Did Wachovia chief executive Bob Steel get the best deal? Did he have a choice?
With the Charlotte bank set to sell most of its operations to Citigroup for $2.16 billion, some employees and shareholders are wondering why the once vaunted institution is selling for a relatively paltry sum, even amid a global credit crisis.
For what it's paying, New York-based Citi gets $700 billion in assets and more than $400 billion in deposits, but it's also on the hook for $42 billion in potential loan losses. The Federal Deposit Insurance Corp. will cover any losses beyond that. Left behind will be a company called Wachovia that houses brokerage and asset management businesses.
For Steel's part, he may have been forced into a marriage by regulators in a bid to avoid “serious adverse effects” on the economy and the financial system, as the Federal Deposit Insurance Corp. said Monday. The FDIC took over the sale process Sunday after San Francisco-based Wells Fargo passed, the Wall Street Journal reported Tuesday.
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“It almost looked like they got stuffed into something,” said one bank analyst, who didn't want his name used because he didn't know the details of the negotiations.
The general consensus among analysts is that Citigroup got a much sought-after retail banking operations for a good price and not too much risk. How Wachovia fared is trickier to determine, because neither the bank nor regulators have released details on how dire the bank's situation was over the weekend. The Journal said the bank didn't face a run on its deposits, but instead credit rating downgrades that could have caused a further loss of confidence among the company's investors and customers.
Neither the FDIC nor Wachovia would comment on the bank's deposits. On Tuesday, Wachovia said in a statement that it remains “well capitalized” and that it can support the standalone brokerage and asset management company that will remain after the deal. New York-based Citi also issued a statement saying it remains committed to the deal and that it continues to conduct normal business with Wachovia in the meantime.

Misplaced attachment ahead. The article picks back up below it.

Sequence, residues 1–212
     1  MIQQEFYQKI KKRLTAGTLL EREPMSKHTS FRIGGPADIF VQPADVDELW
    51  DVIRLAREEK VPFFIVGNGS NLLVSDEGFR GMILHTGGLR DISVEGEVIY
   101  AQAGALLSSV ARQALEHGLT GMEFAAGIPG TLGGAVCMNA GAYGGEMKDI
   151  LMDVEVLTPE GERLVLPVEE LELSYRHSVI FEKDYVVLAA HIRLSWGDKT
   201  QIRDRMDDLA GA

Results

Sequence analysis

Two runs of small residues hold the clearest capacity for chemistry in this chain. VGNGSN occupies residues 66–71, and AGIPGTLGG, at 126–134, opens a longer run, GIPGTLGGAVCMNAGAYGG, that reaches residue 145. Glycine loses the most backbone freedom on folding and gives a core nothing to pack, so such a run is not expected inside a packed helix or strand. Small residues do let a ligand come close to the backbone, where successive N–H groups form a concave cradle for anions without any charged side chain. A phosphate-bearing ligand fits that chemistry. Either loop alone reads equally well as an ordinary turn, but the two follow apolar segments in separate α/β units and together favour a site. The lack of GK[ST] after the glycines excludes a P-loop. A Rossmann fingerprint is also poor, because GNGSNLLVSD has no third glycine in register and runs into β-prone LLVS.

By almost any measure, the deal is worth much less than most could have ever imagined. The company had a market value of $33 billion at the end of June and nearly $100 billion a year earlier. With the stock rising 90 percent to $3.50 on Tuesday, the company's market value was about $7.5 billion.
Steel's role in the drama started July 9 when he was named to replace the ousted Ken Thompson, who lost his job amid rising loan losses from the 2006 Golden West Financial acquisition and a series of missteps. On his first day on the job, Steel told employees: “We're going to make Wachovia great, and that's the plan.”
About two weeks later, the former U.S. Treasury official began sketching out a way for Wachovia to recover from its heavy load of bad loans. The bank would cut jobs, reduce its dividend and assign a top executive to manage $122 billion in souring mortgages.
The effort appeared to be gaining traction. On a Sept. 15 appearance on CNBC, Steel said the company had “very exciting prospects when we get things right going forward.”
The situation apparently changed quickly. By the end of that week, as Wall Street began to founder, Steel was taking to Morgan Stanley about a deal that later fizzled. Then last Thursday, Washington Mutual failed, spurring more worries about Wachovia's mortgage loans and sending its stock down 27 percent on Friday. One point of optimism, at the time, was that Congress was crafting a possible bailout plan for the banking industry.
“We are aggressively addressing our challenges and are working to strategically strengthen and manage capital and liquidity in this challenging environment,” Steel said Friday in a memo to employees, emphasizing the company's strong core businesses.
According to the Journal, Steel had contacted Citi counterpart Vikram Pandit hours before Washington Mutual failed and asked to talk. His stock was slumping that day and headed for another fall Friday.